Tribal Budget Formulation Workgroup Releases FY24 IHS Funding Recommendations with $974 Million for Urban Indian Health

Other priorities include permanent 100% FMAP to services provided at urban Indian organizations (UIOs) and UIO inclusion in the nationalization of the Community Health Aide Program.

On September 7, 2022the Tribal Budget Formulation Workgroup (TBFWG) released its Fiscal Year (FY) 2024 budget recommendations for the Indian Health Service, entitled Advancing Health Equity Through the Federal Trust Responsibility: Full Mandatory Funding for the Indian Health Service and Strengthening Nation-to-Nation Relationships. The FY 2024 National Tribal Budget Recommendation for the Indian Health Service (IHS) is full mandatory funding at $51.42 billion, a 675.45% increase above the FY 2022 enacted amount of $6.6 billion, and full funding for urban Indian health at $973.59, a 1226% increase above the FY 2022 enacted amount of $73.4 million. This stark increase compared to the current enacted amount demonstrates how far we have to go to reach the level of need for Indian health.

In addition, the recommendations include advance appropriations for IHS in all budget requests at no less than $9.1 billion for IHS until mandatory funding is enacted; permanent reauthorization of the Special Diabetes Program for Indians (SDPI) with increased funding to $250 million per year; and dedicated funding be provided to implement the new authorities and provisions of the Indian Health Care Improvement Act (IHCIA).

The TBFWG stated:

“UIOs receive direct funding primarily from one line item — urban Indian health — and do not receive direct funds from other distinct IHS line items, including the Hospital and Health Clinics, Mental Health, Alcohol and Substance Abuse, Indian Health Care Improvement Fund, Health Education, Indian Health Professions, or any of the line items under the IHS Facilities account. Due to historically low funding levels for urban Indian health, UIOs are chronically underfunded. Full funding of UIOs will directly benefit urban AI/ANs that rely on UIOs to access care.”

Other TBFWG priorities for Urban Indian Health were:

  • Increased funds for UIO facilities
  • UIOs eligibility for cost-saving measures available to the other components of the IHS/Tribal/Urban system, including, among others, Community Health Aide Program (CHAP), and permanent 100% Federal Medical Reimbursement Percentage (FMAP) for services provided at UIOs.
  • Retain eligibility for IHS UIOs to participate in grant programs
  • No funding from Urban Indian Health line item withheld or reprogrammed from UIOs

Status of FY 2023 Appropriations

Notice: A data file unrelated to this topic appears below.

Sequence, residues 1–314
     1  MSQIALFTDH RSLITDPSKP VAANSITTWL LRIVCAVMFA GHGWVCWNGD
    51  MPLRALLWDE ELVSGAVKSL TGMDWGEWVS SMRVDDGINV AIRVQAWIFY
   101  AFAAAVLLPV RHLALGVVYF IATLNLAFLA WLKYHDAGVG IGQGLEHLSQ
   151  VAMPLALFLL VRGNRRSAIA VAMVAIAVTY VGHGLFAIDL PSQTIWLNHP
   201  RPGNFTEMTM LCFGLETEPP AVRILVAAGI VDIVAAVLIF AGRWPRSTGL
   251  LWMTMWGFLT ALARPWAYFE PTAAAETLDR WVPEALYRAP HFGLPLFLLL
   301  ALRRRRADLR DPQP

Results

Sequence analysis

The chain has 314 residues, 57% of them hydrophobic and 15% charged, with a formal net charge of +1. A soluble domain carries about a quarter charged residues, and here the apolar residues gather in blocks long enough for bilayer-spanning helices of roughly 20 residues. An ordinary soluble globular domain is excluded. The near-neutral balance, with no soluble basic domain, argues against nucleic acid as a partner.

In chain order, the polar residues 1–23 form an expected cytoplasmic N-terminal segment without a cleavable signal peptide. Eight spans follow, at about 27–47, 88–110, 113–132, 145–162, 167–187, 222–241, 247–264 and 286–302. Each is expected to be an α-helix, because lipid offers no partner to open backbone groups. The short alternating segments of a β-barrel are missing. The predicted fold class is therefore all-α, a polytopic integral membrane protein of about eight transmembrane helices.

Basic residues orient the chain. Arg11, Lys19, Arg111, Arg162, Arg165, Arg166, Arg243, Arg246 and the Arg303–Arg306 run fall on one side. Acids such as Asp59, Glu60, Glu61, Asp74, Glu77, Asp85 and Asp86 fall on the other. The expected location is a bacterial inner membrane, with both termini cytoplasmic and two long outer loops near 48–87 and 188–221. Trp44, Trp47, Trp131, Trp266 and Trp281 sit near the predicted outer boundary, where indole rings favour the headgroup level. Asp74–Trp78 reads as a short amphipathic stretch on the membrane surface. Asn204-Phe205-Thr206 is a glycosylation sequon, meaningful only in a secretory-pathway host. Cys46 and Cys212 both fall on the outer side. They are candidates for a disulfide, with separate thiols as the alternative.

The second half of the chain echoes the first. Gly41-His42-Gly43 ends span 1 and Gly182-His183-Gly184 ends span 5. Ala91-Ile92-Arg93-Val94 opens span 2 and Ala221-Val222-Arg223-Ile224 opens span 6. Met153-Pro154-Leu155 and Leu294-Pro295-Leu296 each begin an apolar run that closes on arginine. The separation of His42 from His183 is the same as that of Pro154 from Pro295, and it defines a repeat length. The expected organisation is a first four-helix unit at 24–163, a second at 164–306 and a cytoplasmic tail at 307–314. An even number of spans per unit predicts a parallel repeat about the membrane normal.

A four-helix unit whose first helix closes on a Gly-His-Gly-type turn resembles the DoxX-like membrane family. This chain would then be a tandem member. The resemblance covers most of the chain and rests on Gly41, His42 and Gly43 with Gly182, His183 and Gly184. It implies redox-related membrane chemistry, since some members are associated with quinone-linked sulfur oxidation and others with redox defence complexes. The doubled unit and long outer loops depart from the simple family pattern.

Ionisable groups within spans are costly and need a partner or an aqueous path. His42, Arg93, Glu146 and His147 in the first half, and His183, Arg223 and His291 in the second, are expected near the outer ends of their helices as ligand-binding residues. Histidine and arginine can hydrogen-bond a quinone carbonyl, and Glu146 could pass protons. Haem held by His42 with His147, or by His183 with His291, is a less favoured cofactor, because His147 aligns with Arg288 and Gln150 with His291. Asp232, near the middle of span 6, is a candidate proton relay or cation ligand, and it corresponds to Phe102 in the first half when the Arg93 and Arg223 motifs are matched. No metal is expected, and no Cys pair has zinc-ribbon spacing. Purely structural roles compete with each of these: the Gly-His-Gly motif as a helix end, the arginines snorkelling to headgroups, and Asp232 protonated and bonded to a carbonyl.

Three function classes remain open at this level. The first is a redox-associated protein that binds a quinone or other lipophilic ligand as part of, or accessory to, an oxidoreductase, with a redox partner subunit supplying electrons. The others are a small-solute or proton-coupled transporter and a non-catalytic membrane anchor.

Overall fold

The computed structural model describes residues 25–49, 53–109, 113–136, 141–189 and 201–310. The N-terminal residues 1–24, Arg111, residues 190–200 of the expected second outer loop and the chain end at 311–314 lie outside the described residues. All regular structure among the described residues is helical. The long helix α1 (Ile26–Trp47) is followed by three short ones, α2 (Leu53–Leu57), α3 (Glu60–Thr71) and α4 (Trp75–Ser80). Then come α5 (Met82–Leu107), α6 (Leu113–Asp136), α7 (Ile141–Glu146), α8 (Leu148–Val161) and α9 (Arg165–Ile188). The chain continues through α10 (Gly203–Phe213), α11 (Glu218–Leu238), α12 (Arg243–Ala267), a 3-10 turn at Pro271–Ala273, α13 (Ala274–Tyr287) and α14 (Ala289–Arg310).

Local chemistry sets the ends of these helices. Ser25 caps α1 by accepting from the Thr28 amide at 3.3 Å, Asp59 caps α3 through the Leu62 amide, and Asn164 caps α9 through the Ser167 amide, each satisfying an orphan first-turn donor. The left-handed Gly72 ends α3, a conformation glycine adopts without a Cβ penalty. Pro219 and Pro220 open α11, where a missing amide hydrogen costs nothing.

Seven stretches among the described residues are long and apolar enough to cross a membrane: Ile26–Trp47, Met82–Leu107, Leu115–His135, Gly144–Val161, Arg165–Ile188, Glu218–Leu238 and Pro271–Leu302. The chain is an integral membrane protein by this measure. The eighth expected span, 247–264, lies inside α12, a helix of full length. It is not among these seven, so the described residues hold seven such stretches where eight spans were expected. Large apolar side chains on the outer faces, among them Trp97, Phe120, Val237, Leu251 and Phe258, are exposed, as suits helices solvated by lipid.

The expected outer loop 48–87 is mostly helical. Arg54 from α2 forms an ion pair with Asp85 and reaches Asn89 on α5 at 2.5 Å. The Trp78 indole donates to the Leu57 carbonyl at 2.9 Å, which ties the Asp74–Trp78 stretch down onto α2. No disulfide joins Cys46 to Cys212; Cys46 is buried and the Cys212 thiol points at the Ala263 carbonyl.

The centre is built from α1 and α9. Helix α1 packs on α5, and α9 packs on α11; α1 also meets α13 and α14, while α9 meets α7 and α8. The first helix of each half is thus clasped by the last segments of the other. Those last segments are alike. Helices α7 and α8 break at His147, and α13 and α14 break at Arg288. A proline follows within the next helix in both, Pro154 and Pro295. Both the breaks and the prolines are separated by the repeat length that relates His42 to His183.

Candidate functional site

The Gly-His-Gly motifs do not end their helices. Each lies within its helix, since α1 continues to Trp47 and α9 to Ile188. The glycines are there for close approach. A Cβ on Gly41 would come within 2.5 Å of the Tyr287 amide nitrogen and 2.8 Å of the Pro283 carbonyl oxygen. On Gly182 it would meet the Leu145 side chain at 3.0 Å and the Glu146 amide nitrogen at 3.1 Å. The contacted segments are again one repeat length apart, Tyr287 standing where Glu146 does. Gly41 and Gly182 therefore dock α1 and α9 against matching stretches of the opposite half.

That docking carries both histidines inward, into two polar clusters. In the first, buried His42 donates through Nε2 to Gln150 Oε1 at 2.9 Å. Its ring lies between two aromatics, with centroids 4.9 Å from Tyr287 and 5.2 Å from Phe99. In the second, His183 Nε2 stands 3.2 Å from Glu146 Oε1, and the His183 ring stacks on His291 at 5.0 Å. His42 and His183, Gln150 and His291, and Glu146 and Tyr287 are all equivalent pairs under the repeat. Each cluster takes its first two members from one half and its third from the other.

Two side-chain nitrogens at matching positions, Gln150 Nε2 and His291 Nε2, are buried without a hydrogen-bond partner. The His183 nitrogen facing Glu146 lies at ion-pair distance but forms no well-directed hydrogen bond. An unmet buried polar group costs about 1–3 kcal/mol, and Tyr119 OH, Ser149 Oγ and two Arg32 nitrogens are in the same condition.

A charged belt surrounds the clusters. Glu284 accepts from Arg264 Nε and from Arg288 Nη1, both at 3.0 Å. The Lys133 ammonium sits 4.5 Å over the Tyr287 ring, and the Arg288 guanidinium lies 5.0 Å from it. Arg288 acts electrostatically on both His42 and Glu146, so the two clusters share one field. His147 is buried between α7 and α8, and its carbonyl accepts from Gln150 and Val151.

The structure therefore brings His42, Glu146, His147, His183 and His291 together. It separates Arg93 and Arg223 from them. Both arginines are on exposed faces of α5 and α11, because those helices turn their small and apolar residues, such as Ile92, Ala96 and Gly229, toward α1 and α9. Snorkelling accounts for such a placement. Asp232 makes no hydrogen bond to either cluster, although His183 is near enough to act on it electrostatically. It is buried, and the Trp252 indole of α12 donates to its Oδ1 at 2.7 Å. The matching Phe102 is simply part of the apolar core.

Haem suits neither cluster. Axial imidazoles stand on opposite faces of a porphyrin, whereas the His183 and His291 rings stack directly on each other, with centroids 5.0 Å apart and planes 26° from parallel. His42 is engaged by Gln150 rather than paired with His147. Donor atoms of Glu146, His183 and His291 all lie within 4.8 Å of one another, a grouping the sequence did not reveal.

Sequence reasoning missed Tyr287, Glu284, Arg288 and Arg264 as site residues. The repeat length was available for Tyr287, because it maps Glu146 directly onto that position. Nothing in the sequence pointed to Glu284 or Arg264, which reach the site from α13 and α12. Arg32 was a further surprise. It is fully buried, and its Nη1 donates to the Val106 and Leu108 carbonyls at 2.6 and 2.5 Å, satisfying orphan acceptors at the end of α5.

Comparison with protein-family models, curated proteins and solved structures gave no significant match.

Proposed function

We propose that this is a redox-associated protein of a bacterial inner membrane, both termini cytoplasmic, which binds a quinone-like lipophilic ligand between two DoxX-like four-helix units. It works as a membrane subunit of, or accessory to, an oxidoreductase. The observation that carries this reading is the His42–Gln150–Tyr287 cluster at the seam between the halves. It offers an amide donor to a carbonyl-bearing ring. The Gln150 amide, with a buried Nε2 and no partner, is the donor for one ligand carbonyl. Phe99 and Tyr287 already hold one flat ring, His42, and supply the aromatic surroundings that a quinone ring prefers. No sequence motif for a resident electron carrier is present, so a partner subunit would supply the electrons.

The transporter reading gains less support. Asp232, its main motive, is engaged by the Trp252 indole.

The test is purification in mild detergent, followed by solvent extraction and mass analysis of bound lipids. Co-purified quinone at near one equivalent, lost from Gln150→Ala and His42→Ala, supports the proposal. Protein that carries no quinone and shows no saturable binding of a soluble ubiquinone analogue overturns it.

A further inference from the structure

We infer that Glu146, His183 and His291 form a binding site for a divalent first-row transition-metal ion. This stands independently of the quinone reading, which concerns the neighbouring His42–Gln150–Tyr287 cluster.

A Continuing Resolution was recently enacted on September 30 to avoid a government shutdown while Congress continues negotiations on the final FY 2023 appropriations bill, extending current funding levels for all normal government programs until December 16, 2022. UIOs must continue to operate on less than the FY 2022 funding levels for FY 2023 despite rising costs of healthcare. On July 28, 2022, former Acting Director of IHS, Liz Fowler, stated in her testimony before the House Natural Resources Subcommittee for Indigenous Peoples, “While the IHS has received an exception apportionment to provide the full-year recurring base amounts to Tribal Health Programs operating their own programs through ISDEAA Title I contracts and Title V compacts since FY 2020, this option is not available during government shutdowns, and it is not available at all to IHS-operated health programs, or Urban Indian Organizations. As a result, Direct Service tribes, and American Indians and Alaska Natives served by Urban Indian Organizations are disproportionately affected by disruptions in federal appropriations.”

For FY 2023, which has not been funded yet, the House passed $8.1 billion for IHS and $200 million for urban Indian health and the Senate proposed $7.38 billion for IHS and $80.4 million for urban Indian health. While the House failed to include advance appropriations for IHS, the Senate provides $5.577 billion of advance appropriations for IHS for FY 2024.

About the IHS Budget Process and the Tribal Budget Formulation Workgroup:

The annual budget request of the IHS is the result of the budget formulation and consultation process that involves IHS, Tribal, and urban Indian health program representatives and providers from the local to the national level.

The TBFWG consists of two Tribal representatives from each of the 12 IHS Areas. Additional representatives from Indian organizations, participate in the workgroup at the discretion of the Director of IHS. The workgroup provides input and guidance to the IHS Headquarters budget formulation team throughout the remainder of the budget formulation cycle for that fiscal year. The workgroup prepares the final set of tribal budget recommendations with an accompanying testimony on the results of the national budget work session and presents to the IHS Director as well as to the Department of Health and Human Services (HHS) senior officials at the annual HHS Tribal Consultation meeting.

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